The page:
Lifting weights doesn’t just make us stronger, it also makes us tougher. This toughness allows us to handle weights without sustaining as much damage. But new lifters haven’t developed any of this toughness yet, making them incredibly vulnerable to muscle soreness.

As a result, it’s usually better for beginners to ease into weight training slowly, doing enough work to stimulate muscle growth while minimizing the amount of stress and muscle damage. This reduces soreness and speeds up muscle growth. Some muscle soreness is to be expected (and is a good sign) but it shouldn’t be a crippling amount of soreness. If the soreness makes it hard to walk or move your arms, or if you aren’t able to lift as much weight in your next workout, then it’s a sign that we’ve caused excessive damage.

Illustration of a man with burning shoulders.

Mike Zourdos, PhD, recommends beginning each training phase with some intentionally easier training. Enough to cause maximal muscle growth, but not so much that we cause excessive muscle damage. A recent study lends support to this idea, showing that we can protect ourselves from the stress of a hard workout by doing easier workouts beforehand.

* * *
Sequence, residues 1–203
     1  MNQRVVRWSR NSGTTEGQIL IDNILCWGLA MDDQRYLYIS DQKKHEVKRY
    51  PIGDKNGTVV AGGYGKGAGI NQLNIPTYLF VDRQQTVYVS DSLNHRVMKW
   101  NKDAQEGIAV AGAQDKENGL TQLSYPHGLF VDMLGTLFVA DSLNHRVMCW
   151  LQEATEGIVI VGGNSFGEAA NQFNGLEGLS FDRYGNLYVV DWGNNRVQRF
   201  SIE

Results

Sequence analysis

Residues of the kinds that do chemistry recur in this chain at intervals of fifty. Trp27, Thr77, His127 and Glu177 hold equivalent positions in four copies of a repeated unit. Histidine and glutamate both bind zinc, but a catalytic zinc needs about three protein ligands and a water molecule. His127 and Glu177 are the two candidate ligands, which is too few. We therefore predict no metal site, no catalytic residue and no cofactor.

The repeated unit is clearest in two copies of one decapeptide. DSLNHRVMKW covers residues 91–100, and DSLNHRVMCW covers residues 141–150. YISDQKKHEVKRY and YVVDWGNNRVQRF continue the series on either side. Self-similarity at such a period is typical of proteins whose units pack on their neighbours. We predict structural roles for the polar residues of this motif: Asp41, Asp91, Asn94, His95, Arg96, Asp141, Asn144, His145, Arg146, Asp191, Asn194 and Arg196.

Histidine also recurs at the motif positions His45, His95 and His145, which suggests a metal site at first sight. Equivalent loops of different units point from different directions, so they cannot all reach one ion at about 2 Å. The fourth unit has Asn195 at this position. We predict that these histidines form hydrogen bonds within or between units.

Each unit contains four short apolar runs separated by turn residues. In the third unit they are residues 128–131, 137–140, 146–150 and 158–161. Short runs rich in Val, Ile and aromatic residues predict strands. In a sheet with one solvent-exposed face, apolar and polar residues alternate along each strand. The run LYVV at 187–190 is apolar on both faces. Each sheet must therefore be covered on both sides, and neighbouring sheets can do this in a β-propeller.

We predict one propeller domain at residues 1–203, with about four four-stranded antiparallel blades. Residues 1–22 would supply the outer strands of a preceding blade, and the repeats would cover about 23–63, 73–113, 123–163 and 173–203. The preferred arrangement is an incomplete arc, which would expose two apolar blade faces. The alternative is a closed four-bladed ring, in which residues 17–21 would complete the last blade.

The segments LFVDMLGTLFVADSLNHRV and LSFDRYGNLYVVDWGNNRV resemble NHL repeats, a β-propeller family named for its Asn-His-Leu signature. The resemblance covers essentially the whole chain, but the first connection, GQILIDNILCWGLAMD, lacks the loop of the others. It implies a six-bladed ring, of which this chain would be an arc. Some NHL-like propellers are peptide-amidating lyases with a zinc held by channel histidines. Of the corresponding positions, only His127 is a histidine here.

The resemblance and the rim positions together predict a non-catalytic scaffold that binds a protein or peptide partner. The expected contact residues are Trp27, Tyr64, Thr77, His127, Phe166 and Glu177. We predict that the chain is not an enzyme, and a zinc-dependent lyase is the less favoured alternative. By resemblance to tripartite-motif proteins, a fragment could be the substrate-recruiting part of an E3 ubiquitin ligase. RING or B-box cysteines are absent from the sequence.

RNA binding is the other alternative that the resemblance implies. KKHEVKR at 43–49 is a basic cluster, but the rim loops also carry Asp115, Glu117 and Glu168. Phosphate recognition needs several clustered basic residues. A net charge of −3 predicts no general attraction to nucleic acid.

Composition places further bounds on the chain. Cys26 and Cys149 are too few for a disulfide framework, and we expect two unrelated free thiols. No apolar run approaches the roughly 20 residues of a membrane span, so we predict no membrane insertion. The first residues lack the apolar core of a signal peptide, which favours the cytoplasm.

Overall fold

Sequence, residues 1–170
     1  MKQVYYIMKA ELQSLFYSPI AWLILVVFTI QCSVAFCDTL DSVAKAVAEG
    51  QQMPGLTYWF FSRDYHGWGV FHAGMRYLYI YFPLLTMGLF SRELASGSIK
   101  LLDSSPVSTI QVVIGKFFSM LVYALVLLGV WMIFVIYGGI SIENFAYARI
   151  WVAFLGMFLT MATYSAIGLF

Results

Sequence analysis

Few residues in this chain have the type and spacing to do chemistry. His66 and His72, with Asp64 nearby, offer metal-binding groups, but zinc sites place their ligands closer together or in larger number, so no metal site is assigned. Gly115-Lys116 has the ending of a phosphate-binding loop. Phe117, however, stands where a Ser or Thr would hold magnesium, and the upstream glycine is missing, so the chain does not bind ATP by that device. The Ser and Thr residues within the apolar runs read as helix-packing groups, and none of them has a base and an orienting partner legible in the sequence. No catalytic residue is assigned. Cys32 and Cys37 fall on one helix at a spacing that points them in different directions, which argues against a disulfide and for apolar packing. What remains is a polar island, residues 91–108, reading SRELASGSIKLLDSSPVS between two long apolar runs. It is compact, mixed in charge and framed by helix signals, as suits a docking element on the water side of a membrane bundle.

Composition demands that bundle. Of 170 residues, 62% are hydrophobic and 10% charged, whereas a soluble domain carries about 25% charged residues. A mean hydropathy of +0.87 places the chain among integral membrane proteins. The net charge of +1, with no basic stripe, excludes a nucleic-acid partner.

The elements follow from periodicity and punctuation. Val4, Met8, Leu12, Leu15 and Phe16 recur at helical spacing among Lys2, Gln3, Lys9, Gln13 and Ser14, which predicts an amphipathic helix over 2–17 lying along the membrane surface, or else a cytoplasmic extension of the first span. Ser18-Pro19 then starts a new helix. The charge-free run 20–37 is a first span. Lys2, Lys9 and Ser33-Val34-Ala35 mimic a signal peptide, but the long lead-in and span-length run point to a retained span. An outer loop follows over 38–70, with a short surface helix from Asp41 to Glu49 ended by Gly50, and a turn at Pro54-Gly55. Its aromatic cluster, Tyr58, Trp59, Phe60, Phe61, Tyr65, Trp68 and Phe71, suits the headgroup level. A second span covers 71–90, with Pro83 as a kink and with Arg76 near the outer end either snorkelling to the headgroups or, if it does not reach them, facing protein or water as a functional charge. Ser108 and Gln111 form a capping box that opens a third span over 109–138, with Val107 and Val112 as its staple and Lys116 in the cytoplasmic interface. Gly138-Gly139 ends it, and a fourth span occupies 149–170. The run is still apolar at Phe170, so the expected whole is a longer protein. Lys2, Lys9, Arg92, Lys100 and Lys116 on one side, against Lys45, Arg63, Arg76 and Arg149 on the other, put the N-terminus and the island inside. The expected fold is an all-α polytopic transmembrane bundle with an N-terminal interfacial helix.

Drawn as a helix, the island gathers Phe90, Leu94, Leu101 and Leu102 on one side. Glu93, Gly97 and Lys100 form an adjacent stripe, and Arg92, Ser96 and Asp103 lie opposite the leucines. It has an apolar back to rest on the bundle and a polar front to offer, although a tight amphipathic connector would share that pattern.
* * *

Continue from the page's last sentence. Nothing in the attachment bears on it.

In the Bony to Beastly Bulking Program, we do this by starting each phase with something called a deload week. These deload weeks have just two sets per exercise, and we recommend stopping each set two reps shy of failure. This frees up more time and energy to learn the new lifts, and it also reduces the amount of muscle damage you sustain, resulting in less muscle soreness and more muscle growth. Then, as you get deeper into your workout routine, you’ll develop more toughness, and you’ll thus be able to handle longer and more challenging workouts. This means that a good workout routine should start off fairly easy and then get progressively harder, keeping up with the toughness you’re developing, and always challenging your muscles just enough to provoke growth without causing excessive damage.